How do we stop support orders if the divorce was dismissed?
A divorce is a huge undertaking. People getting a divorce need to decide to divide their property up equitably. They also need to agree on other issues such as issues related to child support and child custody. The process of getting a divorce can take weeks or even several months. During this time, both parties may come to the realization that this is not the right course of action for them. They may realize they would rather reconcile and agree to work out any underlying issues instead. As the process of divorce continued, legal processes may have been set in motion. For example, one party may have been asked to pay child or spousal support to the other party. While a divorce can take time, getting support in place can be surprisingly quick. The process of filing such orders can mean that one party is left paying support to the other party under law.
Temporary Legal Orders
Once the parties have agreed to stop the divorce, they’ll want to head back to court. A support order is what is known as a temporary order. Temporary orders begin when the divorce begins. Temporary orders are highly specific legal documents issued by the court. They are documents that are designed to allow all parties to the procedure to understand what kind of rights and responsibilities they have in place as the divorce case continues to go through the court system. After the divorce concludes, these temporary orders can be replaced with what is known as a final divorce decree. This happens when the divorce is fully concluded.
Many Different Types
There are many different types of temporary orders that can be issued by any court. The court may issue temporary custody orders that provides one parent with temporary joint custody or even temporary sole custody. If the couple has a separation where one party is living in a different space, there can be temporary visitation orders that outline how much time the other parent can spend with their children and how often they can see them. The same is true of what are known as child support and spousal support orders. Before these orders are issued, both parties are generally asked to come to court and present any evidence. Both parties are typically asked to reveal information such as their finances, educational background and ties to the children.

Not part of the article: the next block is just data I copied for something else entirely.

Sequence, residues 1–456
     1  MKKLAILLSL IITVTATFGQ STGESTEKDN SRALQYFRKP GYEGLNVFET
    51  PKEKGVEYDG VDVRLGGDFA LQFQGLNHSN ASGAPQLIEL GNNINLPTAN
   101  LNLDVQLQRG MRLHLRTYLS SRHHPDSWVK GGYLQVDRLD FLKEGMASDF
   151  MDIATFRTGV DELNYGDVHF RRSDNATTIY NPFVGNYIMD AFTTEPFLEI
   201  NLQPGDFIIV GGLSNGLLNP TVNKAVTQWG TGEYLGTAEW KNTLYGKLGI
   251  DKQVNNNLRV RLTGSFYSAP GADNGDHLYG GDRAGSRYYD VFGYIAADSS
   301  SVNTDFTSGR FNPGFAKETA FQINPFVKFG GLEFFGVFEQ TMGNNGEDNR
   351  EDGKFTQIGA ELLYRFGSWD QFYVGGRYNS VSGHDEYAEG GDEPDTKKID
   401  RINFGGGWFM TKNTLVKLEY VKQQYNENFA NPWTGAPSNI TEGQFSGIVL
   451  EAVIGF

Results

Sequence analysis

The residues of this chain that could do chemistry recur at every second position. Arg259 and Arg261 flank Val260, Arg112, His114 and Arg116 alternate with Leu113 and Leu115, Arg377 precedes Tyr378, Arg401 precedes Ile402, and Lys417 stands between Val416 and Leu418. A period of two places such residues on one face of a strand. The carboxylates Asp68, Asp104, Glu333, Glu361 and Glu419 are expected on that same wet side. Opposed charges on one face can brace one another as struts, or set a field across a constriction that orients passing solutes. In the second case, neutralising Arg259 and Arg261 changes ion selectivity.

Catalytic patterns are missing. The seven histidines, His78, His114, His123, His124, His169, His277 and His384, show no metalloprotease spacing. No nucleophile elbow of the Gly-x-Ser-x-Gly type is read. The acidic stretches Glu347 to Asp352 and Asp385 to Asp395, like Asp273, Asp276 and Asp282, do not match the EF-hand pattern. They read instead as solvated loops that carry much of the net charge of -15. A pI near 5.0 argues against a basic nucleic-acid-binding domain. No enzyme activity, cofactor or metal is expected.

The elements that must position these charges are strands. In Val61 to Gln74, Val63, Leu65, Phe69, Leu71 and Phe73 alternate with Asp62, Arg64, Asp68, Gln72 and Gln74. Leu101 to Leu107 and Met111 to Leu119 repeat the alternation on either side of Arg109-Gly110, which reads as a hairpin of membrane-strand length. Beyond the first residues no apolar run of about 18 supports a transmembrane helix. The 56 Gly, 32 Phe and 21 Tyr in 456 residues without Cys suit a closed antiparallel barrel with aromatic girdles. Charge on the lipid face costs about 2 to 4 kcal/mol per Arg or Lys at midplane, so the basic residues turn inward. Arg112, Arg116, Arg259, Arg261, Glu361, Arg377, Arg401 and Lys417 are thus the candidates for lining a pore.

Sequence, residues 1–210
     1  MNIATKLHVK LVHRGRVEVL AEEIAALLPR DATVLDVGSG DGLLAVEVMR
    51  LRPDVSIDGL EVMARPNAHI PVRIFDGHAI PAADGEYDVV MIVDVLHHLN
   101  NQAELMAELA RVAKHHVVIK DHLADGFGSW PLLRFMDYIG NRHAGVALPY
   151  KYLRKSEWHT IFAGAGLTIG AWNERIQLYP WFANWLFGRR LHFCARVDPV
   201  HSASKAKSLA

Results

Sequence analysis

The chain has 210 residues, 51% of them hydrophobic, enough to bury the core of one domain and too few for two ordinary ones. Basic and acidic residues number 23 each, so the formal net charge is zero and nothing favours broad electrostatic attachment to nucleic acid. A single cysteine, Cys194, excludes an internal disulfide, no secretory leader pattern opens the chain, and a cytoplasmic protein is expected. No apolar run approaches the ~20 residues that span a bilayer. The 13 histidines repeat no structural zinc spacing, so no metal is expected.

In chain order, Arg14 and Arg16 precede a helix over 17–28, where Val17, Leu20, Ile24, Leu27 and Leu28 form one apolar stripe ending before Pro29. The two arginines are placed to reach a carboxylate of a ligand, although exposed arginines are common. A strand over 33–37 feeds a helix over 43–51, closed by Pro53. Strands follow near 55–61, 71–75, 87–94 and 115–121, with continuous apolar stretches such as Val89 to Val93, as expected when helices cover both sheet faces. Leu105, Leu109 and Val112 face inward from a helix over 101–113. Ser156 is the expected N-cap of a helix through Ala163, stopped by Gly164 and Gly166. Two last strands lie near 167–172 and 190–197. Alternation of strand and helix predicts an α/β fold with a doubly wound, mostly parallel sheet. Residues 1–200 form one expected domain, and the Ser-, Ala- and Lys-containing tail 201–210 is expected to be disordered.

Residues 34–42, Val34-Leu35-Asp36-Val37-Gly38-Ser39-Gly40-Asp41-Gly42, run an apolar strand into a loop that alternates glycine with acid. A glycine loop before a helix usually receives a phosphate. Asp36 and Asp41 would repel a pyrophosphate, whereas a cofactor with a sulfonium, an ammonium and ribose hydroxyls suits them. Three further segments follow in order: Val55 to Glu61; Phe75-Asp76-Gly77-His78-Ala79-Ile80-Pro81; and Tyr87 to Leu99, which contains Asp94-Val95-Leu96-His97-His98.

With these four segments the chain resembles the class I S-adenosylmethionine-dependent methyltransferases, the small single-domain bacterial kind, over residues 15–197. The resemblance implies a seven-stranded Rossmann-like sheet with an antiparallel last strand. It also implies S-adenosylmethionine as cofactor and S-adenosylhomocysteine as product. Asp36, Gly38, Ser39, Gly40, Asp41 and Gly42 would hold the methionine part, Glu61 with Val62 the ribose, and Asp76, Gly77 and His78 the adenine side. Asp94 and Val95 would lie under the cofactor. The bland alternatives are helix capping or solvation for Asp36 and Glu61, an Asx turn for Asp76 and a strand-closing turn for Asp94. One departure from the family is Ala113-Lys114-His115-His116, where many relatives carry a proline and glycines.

The Decision to Reconcile
A couple may decide to avoid getting a divorce because they have worked things out and do not consider it in their best interests at the present time. They may also decide against a divorce for financial reasons. Under these circumstances, both parties may need to head back to court in order to fully clarify matters and avoid any kind of legal problems going forward. The court will listen to the changed circumstances and make sure any new agreements are done to the satisfaction of both parties. A lawyer will make a motion to get the orders dismissed. The court system will agree to dismiss any orders related to the case. This dismissal has the force of law. It should go into place immediately. In many cases, these kinds of orders are taken directly out of a person’s paycheck. In that instance, it’s best for the employee to contact their human resources contact person. They may need to work closely with payroll to make sure that such funds are not being withdrawn going forward. Anyone looking to make such changes should bring all related documentation with them to confirm that circumstances have changed and the orders are no longer in effect.
While couples may decide against a divorce, they may ultimately decide that a separation is order instead. Many states allow couples to have a legal separation. They also allow states to decide what kind of financial arrangements they would like to keep in place. A divorce is not the same thing as a legal separation. In that case, the couples may cancel the divorce but keep up separate residences. A couple might wish to work out exactly what kind of fiscal arrangements they wish to keep in place as the separation remains in place. In that instance, it’s best to seek out help from a lawyer. These arrangements can be different then those intended if there’s going to be divorce. The lawyer can help by making sure any necessary legal modifications are made to the former couple’s mutual satisfaction